Jobs chucks Leopard titbits to Apple masses
MacOS X 10.5 feature set fleshed out
WWDC Steve Jobs opened Apple's annual developer conference by going back in time one year - in more ways than one. As well as harking back to the announcement of his company's ground-breaking relationship with Intel and taking trademark swiped at Microsoft, the Apple CEO talked up features in Mac OS X 10.5, aka Leopard, mostly previewed at WWDC 2006.
So what genuinely new features did Jobs pick out this year? A desktop look that adds a translucent dock, a menu bar at the top of the screen that now adapts to what users put on the desktop, something called Stacks that lets you group several icons within the dock, and a new downloads folder where the Safari browser stores files by default. The Finder, Apple's file browser, gets a new look with the Cover Flow function to view files the same way you would view iTunes cover art.
There was a strong nod towards gaming as video game publishers Electronic Arts and id Software, the maker of Doom and Quake, came on stage during Jobs' Monday keynote to announce their support of the Mac platform.
This summer, EA will come out with games like Command and Conquer 3, Battlefield 2142, Need for Speed Carbon and Harry Potter and the Order of the Phoenix, as well as some sports titles like Madden 08 and Tiger Woods PGA Tour 08. id Software owner John Carmack demoed a 20GB plus textured 3D environment.
Then it was onto packaging and pricing. The release of Apple's next "big cat" is scheduled for October at $129, "for the ultimate version", joked Jobs referring to Microsoft's layered price structure for Windows Vista.
"We've got a basic version, which is going to cost $129. We've got a premium version, which is gonna cost $129. We've got a business version, $129. We've got an enterprise version, $129. And we've got the ultimate version - we're throwing everything into it: It's $129. We think most people will buy the ultimate version," Jobs said. ®
Jean-Baptiste Su is Editor-in-Chief of Uberpulse.com
Fred - i totally agree
I love the Mac vs Windoze battles, they're so much fun... i've not used anything other than Jaguar and Tiger on my Mac and i would hardly call the differences between the 2 as equivalent to a Service Pack on Windoze.
My girlfriend (yes i work in IT and have one, it's great!) has a G3 500Mhz iBook, running the latest version 10.4.9 without problem at all.... wheras at work i have a 5 year old laptop that crawls with XP and has to use 3rd party drivers for half of it's hardware that don't work very well at all.... sure MS have a harder task dealing with all the variants of hardware configurations, but i'd still rather pay the £129 for Leopard. Also look at the Family Packs, they're normally around £299 for a 5 license pack... given your average family these days has more than one computer at home, this adds another degree of value to the equation.
I won't be buying Vista for any of the computers i manage at work as the calculated upgrade costs for the hardware and the OS is uneconomical... the 3 Macs will have Leopard from day 1 as that'll cost less than a single license of Vista.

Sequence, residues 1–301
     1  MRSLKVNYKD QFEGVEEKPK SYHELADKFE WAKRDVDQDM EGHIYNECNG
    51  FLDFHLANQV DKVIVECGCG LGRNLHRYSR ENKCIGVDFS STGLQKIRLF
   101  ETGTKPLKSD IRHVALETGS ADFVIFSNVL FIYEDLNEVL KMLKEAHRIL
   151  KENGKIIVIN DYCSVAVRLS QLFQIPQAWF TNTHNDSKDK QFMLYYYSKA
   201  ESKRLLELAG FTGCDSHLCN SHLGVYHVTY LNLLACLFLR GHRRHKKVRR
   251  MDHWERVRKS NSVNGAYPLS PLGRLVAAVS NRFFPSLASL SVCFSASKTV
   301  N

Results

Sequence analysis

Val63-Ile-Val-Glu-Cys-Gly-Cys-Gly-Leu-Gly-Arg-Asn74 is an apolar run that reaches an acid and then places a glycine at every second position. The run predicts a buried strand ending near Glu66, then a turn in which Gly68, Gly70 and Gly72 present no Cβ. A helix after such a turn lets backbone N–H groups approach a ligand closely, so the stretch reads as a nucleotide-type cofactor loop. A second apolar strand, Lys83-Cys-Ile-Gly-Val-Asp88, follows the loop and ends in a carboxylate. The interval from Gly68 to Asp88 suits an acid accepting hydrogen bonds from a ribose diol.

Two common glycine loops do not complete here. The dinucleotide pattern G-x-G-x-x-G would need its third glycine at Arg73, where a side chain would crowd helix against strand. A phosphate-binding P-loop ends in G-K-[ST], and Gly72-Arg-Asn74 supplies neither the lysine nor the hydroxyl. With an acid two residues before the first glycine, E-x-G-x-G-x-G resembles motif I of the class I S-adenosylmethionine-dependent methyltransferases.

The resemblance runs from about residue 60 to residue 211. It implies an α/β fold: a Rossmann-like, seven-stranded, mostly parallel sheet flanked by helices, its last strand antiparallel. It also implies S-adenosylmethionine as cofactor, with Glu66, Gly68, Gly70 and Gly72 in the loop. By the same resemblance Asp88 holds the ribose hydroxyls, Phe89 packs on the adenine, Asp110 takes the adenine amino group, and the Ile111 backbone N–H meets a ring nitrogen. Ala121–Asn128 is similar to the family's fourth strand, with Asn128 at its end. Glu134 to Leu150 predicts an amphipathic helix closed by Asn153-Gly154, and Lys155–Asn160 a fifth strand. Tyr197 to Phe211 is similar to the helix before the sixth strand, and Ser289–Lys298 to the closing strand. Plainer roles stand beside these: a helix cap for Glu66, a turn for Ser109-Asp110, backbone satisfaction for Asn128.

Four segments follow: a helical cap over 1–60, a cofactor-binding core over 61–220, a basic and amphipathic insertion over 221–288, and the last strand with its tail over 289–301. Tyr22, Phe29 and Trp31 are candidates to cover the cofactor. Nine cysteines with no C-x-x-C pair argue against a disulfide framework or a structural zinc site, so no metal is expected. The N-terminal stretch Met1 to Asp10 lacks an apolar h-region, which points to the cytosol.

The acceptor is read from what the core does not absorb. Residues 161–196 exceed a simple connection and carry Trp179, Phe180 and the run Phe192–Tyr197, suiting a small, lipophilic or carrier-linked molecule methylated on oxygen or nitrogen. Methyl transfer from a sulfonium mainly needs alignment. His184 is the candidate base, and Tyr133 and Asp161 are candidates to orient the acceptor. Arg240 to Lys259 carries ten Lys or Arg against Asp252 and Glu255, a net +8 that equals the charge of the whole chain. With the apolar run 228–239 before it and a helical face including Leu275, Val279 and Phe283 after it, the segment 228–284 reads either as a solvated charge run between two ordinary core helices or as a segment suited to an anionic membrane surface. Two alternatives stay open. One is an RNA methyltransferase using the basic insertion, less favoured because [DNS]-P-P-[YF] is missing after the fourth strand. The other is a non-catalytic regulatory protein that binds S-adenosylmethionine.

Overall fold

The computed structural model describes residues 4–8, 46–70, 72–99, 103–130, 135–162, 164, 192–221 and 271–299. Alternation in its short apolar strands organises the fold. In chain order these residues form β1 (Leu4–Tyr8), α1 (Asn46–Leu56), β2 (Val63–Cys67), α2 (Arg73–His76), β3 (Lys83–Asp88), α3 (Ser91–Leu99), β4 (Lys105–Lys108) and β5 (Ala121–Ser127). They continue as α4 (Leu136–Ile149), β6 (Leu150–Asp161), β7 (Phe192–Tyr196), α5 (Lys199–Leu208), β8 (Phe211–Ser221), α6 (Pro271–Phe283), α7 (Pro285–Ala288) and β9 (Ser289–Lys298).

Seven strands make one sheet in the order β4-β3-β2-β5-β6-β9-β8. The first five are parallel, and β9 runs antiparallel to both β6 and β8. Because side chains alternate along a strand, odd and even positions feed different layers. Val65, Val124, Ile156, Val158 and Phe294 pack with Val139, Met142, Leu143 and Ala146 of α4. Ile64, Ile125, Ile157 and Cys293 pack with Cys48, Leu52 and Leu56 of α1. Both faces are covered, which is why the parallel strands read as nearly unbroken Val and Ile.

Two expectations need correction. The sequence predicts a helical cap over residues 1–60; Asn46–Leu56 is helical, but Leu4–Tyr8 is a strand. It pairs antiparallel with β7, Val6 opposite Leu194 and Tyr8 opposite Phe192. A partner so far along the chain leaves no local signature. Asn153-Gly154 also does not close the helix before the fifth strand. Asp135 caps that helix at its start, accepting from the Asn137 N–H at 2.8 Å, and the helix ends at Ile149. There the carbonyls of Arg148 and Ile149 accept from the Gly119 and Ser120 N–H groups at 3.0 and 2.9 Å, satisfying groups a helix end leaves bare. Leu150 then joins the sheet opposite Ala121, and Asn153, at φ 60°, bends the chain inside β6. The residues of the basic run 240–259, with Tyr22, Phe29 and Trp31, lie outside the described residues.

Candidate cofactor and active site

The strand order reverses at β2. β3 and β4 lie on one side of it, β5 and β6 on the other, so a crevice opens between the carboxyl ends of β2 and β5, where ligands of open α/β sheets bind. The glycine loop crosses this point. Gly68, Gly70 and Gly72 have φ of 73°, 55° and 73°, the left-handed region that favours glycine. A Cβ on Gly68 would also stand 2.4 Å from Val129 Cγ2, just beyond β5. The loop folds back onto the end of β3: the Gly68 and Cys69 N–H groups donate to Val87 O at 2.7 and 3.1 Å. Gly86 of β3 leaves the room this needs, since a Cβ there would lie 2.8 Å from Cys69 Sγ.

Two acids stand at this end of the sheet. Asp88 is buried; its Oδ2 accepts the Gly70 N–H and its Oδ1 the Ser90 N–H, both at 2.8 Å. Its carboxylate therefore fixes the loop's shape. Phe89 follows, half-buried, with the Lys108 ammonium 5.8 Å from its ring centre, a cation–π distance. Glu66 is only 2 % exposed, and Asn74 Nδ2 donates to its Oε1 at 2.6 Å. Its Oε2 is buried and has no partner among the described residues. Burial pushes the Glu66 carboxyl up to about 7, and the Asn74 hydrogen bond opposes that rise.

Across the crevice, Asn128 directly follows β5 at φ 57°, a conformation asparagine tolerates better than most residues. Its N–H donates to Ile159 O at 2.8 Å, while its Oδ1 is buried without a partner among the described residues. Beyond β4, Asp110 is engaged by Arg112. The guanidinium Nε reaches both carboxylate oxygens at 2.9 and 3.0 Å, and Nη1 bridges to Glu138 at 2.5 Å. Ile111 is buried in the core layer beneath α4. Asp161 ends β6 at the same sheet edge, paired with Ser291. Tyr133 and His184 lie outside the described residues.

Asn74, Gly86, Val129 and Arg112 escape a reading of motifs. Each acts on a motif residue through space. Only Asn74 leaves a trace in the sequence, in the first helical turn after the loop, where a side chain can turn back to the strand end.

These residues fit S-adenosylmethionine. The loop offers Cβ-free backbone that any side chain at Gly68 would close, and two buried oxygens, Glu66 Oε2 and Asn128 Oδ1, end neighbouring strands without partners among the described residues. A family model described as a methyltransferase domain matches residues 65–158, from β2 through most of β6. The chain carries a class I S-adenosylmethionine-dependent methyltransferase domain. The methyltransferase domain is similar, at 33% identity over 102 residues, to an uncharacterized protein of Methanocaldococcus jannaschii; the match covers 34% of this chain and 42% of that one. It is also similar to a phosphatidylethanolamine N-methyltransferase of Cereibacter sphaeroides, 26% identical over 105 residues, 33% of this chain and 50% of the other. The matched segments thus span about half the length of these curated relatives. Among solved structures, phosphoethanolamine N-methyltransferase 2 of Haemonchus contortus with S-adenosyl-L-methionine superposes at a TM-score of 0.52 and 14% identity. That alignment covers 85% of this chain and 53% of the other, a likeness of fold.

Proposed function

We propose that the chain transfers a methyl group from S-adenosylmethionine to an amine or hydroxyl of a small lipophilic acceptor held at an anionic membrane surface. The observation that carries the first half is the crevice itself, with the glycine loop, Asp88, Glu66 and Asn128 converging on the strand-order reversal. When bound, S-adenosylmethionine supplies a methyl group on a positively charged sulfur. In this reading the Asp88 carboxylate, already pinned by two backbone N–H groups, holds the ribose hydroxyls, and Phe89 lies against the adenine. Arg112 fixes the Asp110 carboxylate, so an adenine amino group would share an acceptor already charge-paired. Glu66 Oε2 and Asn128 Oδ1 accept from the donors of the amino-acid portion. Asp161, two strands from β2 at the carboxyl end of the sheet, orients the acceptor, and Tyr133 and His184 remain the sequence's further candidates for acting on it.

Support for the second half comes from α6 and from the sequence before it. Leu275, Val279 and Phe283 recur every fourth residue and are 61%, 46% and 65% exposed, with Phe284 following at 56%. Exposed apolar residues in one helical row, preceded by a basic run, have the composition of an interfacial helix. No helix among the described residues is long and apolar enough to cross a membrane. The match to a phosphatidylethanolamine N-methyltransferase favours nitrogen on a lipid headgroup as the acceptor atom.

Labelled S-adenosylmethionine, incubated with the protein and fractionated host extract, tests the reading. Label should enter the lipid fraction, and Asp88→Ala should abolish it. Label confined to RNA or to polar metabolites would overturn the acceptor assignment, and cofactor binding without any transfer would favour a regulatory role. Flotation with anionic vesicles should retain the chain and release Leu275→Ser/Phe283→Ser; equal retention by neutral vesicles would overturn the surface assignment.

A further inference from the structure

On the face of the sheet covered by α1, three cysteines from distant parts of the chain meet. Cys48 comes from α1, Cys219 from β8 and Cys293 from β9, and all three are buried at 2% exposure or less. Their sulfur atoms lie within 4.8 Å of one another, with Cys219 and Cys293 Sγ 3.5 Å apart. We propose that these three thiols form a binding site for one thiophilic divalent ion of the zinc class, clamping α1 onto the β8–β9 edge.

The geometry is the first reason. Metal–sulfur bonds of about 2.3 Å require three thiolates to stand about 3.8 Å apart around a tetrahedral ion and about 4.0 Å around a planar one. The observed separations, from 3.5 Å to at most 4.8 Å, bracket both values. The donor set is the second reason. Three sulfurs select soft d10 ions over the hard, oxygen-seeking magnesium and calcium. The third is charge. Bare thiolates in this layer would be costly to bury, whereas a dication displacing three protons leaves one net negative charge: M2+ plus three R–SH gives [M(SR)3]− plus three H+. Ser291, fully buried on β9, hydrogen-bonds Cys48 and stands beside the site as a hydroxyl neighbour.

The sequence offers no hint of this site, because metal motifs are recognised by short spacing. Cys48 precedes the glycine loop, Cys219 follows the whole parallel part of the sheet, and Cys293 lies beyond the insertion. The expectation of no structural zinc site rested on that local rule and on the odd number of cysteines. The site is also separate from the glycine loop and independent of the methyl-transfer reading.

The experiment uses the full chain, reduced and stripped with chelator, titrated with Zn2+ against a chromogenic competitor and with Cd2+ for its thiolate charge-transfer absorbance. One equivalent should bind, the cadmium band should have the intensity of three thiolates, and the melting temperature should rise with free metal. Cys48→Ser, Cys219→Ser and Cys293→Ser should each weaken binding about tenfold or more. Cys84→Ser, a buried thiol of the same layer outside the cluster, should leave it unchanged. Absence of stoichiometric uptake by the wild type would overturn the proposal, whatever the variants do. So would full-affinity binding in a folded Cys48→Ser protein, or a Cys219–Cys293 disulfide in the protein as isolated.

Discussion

An other way to see things...
If, like me, you only want a computer to read the internet, send and receive emails, write and print a letter to the administration from time to time...
Then, the choice to buy this emac 4 years ago with it's OSX 10.3 was a good choice. The thing works as well, or as bad you may say, as the day I got it out of the box, which means it does exactly what I want and need it to do.
I never cared about those things called virus, malware of any sort, never bought any anti-this or anti-that things, never cared on what site I was visiting, attachement I was opening...
This thing goes to sleep mode in 2 seconds, awake in 2 seconds, and from the very first day I was able to make my beloved wife an account with which I'm pretty sure that no matter what she does, nothing bad possibly can happen..
4 years of enjoying the internet with my wife allowed on it as well, and not a single problem once. When you know close to nothing about computers like I do, this really make me think my first 1800 (and and as of today, last...) swiss francs 4 years ago (around 1200 $) weren't a bad choice.
Re: What really annoys me...
'$129 for a point upgrade. Bargainous. I liken that to paying for a Service Pack that comes with a couple of extra pretty things.'
I think 'a service pack that comes with a couple of extra pretty things' fairly accurately describes Vista's relationship to XP, and that's considerably more expensive than Leopard is going to be.
The amount of misinformation in the comments section is pretty amazing.
It's amazing how many people will write with authority about things they know nothing whatsoever about. And how resistant they are to facts even when they're confronted with them.
It's worth it.
Having wallowed in XP for so many years, and I still do run both platforms, I can safely say that it is completely worth it, for me at least, simply not to have had to deal with the rubbish Activation, WGA, system failure for as little as adding a hard drive or memory. I don't know if Vista is any better in this respect, but for the time being, I'm very happy with my OS.